I began attending the STart project when I was in a bad place: I went through a period of depression through my final years of secondary school and, since leaving, had shut myself out from the world for about a year and a half. I’d worked with the lack of motivation that came with being depressed because school was compulsory; as well as being all that I knew. From the youngest age I’ve also had social anxiety, which I’ve been told is likely to have brought the depression on.
I finished secondary school in 2011, earning the equivalent of 13 A*-C grade GCSEs. I’ve always been in two minds about whether my issues aided or hindered those results: On the one hand, I never stopped procrastinating; the only revision I did was on the night before french exams. I also stayed up until 4am every night playing on my xbox, which mean’t that I only got rest on weekends. However, I was more level-headed than most when it came to exams; and I managed to understand everything being taught to me except for the advanced algebra stuff. I don’t really know for certain if depression and anxiety brought on those traits, though; I could have been the same way without them. I achieved mainly Bs at GCSE level; and in the past, I always held the belief that I could have gotten As or A*s if I’d been revising. Now though, I’m beginning to question that train of thought. My only A grade (or A grade equivalent) was a Distinction in BTEC Music. I felt a little cheated upon leaving school, actually; as my music teach’ had always put it to us that the BTEC we were doing was the equivalent of two GCSEs: The general consensus outside of school, however, always seems to be that BTECs are worth less than a GCSE.
Many of my fellow students had already been ‘guided’ by their parents toward a career path like becoming a doctor. I, on the other hand, had no idea what I was even interested in doing with my future. I decided on going to Wyggeston & Queen Elizabeth I College, because most of my friends were going there. ‘QE’ didn’t have a reputation as the best place to go for a vocational course like Music, which was what I wanted to pursue at the time; and, almost as some kind of warning, the college waited until enrolment day to inform me that their Music Technology course wasn’t going ahead that year. As far as I know, they cancelled it because the course had insufficient interest. I was only going there at all for the sake of stalling any kind of career choice, so I decided not to stress myself with switching to my second choice of college. At QE, it was compulsory to do four subjects and at least one enrichment course. I went with Psychology, Sociology, Media Studies, and Graphic Communication; my enrichment being photography. The basics learnt from that photography enrichment were pretty much the only thing I gained from QE. I’d immediately noticed the teachers’ re-enforcement of the idea that we shouldn’t stick around if we were liable to leave prematurely. I identified as someone likely to do this; becoming stressed, procrastinating, and then stressing even more until I caved and dropped out.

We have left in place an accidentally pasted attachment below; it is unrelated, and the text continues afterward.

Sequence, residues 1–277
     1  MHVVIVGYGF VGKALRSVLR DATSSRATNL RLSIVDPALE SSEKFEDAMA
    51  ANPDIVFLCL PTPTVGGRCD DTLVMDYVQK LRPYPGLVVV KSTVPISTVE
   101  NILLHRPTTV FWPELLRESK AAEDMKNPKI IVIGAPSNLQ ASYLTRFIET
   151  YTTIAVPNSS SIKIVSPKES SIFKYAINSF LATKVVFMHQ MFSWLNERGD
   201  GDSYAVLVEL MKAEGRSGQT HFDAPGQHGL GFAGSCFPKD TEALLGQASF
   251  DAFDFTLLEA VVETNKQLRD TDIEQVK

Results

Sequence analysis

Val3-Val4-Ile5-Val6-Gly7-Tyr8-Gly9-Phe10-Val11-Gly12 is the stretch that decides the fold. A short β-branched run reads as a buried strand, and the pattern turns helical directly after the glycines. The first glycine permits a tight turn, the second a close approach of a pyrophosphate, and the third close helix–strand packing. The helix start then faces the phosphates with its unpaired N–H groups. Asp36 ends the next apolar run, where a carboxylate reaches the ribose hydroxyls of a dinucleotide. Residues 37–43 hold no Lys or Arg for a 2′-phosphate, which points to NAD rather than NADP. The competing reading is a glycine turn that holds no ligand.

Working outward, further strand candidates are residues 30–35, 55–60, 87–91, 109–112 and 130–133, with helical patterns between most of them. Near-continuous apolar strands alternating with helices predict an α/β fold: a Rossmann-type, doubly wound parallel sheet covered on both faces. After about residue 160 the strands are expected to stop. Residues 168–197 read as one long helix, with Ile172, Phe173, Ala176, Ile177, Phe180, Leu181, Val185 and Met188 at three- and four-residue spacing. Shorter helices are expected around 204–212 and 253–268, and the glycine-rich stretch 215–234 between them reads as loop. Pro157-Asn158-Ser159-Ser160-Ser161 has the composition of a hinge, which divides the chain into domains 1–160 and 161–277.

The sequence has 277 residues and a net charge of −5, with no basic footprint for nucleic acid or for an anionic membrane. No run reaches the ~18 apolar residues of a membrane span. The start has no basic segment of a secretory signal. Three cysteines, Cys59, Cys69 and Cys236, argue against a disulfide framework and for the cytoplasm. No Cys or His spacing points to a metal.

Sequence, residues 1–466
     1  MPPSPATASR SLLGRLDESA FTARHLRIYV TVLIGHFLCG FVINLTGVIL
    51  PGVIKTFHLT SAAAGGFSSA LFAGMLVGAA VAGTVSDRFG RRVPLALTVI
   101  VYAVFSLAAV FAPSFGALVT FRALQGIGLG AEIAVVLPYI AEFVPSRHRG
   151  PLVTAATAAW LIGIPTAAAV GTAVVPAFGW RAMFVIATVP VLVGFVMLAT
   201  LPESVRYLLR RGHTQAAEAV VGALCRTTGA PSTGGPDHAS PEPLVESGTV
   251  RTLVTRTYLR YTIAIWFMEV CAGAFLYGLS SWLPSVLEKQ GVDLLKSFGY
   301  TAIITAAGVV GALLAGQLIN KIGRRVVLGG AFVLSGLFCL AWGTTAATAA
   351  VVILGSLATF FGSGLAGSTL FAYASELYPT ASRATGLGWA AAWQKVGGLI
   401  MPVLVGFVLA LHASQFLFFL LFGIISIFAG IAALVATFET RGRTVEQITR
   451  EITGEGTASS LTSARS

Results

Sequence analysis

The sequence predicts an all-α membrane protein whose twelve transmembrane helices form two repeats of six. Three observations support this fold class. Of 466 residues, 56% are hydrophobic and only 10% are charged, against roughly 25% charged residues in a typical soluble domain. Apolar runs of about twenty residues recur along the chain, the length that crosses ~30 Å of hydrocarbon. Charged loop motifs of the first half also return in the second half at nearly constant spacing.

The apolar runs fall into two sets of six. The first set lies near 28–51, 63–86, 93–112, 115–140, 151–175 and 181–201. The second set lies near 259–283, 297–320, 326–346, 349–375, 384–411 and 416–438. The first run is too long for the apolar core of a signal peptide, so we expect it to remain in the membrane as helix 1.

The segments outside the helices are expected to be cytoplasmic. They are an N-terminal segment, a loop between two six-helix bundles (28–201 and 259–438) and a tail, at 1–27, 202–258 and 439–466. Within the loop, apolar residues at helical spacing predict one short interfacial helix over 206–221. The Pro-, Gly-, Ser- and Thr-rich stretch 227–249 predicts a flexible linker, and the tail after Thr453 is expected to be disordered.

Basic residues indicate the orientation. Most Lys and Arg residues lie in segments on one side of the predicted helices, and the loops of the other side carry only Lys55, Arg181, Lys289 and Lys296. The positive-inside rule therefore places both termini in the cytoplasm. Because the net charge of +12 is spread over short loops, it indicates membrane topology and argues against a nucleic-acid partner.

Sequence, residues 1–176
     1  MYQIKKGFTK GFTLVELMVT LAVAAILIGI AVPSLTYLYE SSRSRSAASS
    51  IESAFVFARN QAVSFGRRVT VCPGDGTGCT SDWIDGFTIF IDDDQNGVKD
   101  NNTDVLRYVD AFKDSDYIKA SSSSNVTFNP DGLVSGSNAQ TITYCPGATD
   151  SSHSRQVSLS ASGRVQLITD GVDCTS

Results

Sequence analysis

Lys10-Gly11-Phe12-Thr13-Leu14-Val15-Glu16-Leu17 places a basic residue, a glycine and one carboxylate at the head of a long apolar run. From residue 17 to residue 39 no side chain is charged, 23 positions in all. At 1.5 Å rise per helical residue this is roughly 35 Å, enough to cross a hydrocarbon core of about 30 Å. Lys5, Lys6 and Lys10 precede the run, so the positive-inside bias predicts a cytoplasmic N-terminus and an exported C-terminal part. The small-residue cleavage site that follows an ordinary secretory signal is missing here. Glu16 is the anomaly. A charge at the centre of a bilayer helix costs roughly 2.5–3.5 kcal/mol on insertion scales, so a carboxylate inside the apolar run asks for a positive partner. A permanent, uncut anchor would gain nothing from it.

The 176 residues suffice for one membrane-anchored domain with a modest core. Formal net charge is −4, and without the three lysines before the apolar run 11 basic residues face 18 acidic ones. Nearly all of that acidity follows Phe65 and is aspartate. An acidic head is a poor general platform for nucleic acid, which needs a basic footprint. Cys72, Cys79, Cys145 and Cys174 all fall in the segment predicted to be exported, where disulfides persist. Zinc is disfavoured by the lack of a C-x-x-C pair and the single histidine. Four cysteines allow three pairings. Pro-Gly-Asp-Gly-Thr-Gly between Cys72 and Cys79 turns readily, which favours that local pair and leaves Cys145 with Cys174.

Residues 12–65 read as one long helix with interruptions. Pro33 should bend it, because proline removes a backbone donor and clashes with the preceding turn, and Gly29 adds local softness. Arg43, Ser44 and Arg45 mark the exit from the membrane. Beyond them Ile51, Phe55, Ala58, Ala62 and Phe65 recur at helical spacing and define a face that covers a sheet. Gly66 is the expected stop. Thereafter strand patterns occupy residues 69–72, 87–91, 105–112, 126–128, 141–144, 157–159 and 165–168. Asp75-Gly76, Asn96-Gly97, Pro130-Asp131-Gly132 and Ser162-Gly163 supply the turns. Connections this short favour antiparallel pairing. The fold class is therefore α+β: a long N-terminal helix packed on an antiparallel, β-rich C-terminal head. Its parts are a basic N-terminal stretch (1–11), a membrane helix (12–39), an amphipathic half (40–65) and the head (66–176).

As soon as the mother found out that I wanted to drop out of college, she arranged for me to talk to a counsellor. I’d talked to him a couple of times in year 10; when I first entertained the idea that I may have been depressed. I only had two meetings with him around that time, losing enthusiasm for the service after four months on the waiting list; so I just told him that I had recovered from a low period. This second time I stuck with it. I spent between December 2011 and December 2013 learning to deal with anxiety. From what he told me, the issues of anxiety and depression are quite often seen together: The first order of business was to figure out which one came first. I began attending STart about half way through 2013. My mum, knowing some of the staff at Soft Touch, got me involved with the STart project. She saw the project as an opportunity to get me out of my room and I was enticed by the thought of picking up a guitar again, having not touched it since finishing at School. Unknowingly, I was STart’s first real participant; but wasn’t aware of the fact until a month or two into attendance: I naively assumed that one of the project workers was my age, which is 10 years younger than she actually is.